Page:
NOTE: This post was written by Emily Green. Emily is an undergraduate student at Seton Hall University’s School of Diplomacy and International Relations. She is currently pursuing a degree in both International Relations and Economics. Her areas of interest include women’s rights, economic empowerment, and the post-conflict peace process.

 

On March 31st, in the midst of a rather pressing agenda, a meeting with top ambassadors from across the Security Council was called to order. H.E. Dina Kawar of Jordan, just one day away from assuming the Security Council Presidency, sat beside Lithuanian Permanent Representative Raimonda Murmokaite, Argentinian Ambassador Maria Cristina Perceval, and H.E. Mirsada Colakovic of Bosnia-Herzegovina. The room soon flooded with representatives of countless delegations. However, this event was no high-level briefing. Rather, it was an intimate luncheon organized by the Women’s Foreign Policy Group, in collaboration with the Permanent Mission of Qatar, to discuss “Voices of Women from the UN Security Council on Peace and Security”. As the women of Security Councils past and present spoke of their experiences, the interactive dynamic soon revealed several commonalities. Below are prominent themes of the panel discussion.

Credibility of Female Leadership:
One of the first themes addressed by the panel was the unique nature of female leadership. The ambassadors noted that female leadership has increased exponentially within the Security Council, due partly to recognition of women’s remarkable approach to diplomacy. One ambassador noted with a smile that women are known to be less confrontational in Council negotiations, as their judgment is less clouded by vanity or ego. Women often show a softer side when engaging in diplomatic negotiations, placing special emphasis on reaching consensus. The women highlight the importance of cooperation, both within the Council and when engaging with civil society. Within the Council, the female diplomats trust their intuition more when pursuing solutions.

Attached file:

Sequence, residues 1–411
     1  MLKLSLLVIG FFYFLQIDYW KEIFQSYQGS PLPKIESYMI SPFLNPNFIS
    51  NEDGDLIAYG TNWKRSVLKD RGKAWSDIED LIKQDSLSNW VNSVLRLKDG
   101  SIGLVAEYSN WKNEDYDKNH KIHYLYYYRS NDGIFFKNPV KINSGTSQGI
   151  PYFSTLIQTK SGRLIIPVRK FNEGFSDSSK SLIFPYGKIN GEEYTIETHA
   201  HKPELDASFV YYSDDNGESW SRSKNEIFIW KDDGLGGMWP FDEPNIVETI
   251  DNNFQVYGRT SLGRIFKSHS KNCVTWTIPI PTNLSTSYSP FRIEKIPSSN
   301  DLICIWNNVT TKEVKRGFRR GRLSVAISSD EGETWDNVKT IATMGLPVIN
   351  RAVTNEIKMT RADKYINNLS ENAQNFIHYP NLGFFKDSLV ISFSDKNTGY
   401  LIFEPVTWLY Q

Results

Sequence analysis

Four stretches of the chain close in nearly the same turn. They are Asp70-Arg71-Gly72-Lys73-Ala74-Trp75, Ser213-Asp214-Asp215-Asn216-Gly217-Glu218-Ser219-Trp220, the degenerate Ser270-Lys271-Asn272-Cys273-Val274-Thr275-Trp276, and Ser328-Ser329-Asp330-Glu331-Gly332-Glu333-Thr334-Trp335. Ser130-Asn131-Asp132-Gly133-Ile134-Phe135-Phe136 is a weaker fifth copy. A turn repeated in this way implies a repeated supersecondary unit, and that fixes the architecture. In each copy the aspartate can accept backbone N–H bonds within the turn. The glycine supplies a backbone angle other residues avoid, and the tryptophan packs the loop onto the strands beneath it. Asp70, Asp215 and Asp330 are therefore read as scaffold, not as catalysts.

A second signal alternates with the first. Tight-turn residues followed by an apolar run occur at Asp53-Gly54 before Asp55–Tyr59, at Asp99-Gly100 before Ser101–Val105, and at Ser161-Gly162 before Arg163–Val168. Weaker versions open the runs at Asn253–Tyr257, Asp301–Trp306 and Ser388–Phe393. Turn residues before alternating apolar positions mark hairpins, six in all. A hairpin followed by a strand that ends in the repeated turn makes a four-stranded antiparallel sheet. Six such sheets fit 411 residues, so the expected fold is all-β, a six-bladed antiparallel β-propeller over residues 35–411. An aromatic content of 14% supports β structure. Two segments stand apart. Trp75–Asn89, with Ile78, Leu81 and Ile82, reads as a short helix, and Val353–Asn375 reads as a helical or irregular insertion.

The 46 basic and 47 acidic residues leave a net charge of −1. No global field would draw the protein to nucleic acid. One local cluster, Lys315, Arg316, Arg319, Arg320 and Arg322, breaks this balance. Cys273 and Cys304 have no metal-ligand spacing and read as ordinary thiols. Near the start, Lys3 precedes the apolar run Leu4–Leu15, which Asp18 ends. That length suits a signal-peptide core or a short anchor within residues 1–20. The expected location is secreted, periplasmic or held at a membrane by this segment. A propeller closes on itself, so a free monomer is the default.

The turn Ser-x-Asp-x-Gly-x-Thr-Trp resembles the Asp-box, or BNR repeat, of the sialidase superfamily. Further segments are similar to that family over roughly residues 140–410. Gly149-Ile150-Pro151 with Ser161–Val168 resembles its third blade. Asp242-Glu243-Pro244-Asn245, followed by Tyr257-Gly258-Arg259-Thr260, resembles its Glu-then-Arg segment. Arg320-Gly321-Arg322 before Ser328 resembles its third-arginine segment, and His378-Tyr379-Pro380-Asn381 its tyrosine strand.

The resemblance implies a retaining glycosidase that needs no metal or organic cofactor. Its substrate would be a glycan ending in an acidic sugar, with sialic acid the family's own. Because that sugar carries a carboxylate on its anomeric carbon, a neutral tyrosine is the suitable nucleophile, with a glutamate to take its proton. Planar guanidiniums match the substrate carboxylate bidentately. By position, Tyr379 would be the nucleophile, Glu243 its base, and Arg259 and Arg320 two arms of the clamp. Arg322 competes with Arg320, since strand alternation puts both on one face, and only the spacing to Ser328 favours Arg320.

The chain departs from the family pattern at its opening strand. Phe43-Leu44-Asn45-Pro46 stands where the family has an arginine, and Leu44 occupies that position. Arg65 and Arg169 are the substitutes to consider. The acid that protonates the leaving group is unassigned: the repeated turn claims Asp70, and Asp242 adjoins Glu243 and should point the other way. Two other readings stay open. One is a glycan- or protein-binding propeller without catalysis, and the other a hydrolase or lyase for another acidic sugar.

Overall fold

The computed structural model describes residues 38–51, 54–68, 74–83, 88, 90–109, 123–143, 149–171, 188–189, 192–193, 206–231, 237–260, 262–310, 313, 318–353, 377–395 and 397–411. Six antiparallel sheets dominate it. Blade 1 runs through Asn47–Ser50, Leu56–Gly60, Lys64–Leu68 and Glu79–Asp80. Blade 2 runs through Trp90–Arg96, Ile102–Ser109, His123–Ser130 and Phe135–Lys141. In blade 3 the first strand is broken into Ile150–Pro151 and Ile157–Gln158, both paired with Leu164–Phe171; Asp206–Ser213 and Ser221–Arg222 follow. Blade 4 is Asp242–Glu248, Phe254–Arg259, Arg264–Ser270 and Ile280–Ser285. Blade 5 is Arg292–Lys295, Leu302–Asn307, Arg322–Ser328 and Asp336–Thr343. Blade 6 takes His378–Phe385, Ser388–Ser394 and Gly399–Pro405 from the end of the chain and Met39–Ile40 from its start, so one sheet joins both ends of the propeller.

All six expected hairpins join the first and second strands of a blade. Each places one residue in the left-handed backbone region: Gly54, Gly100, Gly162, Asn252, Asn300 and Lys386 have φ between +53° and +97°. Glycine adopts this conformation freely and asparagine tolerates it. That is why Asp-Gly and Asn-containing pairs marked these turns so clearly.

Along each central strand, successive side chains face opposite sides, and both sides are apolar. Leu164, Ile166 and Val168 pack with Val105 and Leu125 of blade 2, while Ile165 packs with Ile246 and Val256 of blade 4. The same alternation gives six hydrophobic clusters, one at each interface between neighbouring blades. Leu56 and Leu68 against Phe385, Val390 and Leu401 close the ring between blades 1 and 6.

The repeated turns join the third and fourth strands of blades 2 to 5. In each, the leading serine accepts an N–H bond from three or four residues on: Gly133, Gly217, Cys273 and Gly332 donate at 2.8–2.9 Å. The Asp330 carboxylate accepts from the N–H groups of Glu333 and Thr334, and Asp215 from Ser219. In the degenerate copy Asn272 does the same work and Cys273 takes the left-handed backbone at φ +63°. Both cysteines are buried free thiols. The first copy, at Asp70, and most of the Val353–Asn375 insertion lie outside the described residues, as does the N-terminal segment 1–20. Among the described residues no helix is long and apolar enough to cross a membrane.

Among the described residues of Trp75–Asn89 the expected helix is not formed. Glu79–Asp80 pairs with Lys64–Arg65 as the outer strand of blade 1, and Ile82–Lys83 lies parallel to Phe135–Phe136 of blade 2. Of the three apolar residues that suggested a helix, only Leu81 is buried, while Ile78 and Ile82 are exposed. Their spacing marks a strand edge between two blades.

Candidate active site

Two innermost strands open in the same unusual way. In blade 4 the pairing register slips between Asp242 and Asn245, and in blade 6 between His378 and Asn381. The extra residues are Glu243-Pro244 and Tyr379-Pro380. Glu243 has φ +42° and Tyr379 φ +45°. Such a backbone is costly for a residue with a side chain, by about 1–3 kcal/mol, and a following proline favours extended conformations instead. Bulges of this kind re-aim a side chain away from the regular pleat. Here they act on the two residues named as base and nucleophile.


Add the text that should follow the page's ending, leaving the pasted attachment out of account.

Threat of ‘Issue Stereotyping’:
However, while all members of the panel noted talents possessed by their female peers, a few ambassadors expressed hesitance towards singling out strengths based solely on gender. One common theme touched on throughout the event was the need to combat gender-based stereotypes. While we can recognize influential leaders for their accomplishments, highlighting certain strengths based upon gender can imply weakness in other areas. One ambassador reiterated the popular belief that an increase of women on the Council results in an increased focus on the more ‘human’ elements of conflict. While it’s true that women are known to pay special attention to social issues, this belief also gives rise to the problem of ‘issue stereotyping’. Social issues of a ‘soft’ nature are attributed to the agenda of the female diplomat. ‘Hard issues’ of security are associated with their male counterparts. Stereotyping issues places constraints on the capacity and abilities of both the male and female diplomat. One ambassador even noted that dividing issues can allow the male delegate to try to expunge ‘women’s issues’ off the table entirely, neglecting the ‘human’ aspects of conflict. Another representative, when asked to define ‘women’s issues’, expressed discomfort at the request. After all, for example, isn’t the adequate training of peacekeepers both a man and woman’s issue? The panel stressed that although women on the Council have gained a reputation for giving voice to the softer elements, this attribution shouldn’t be acknowledged with praise, but rather with a call for a change of the Council’s environment.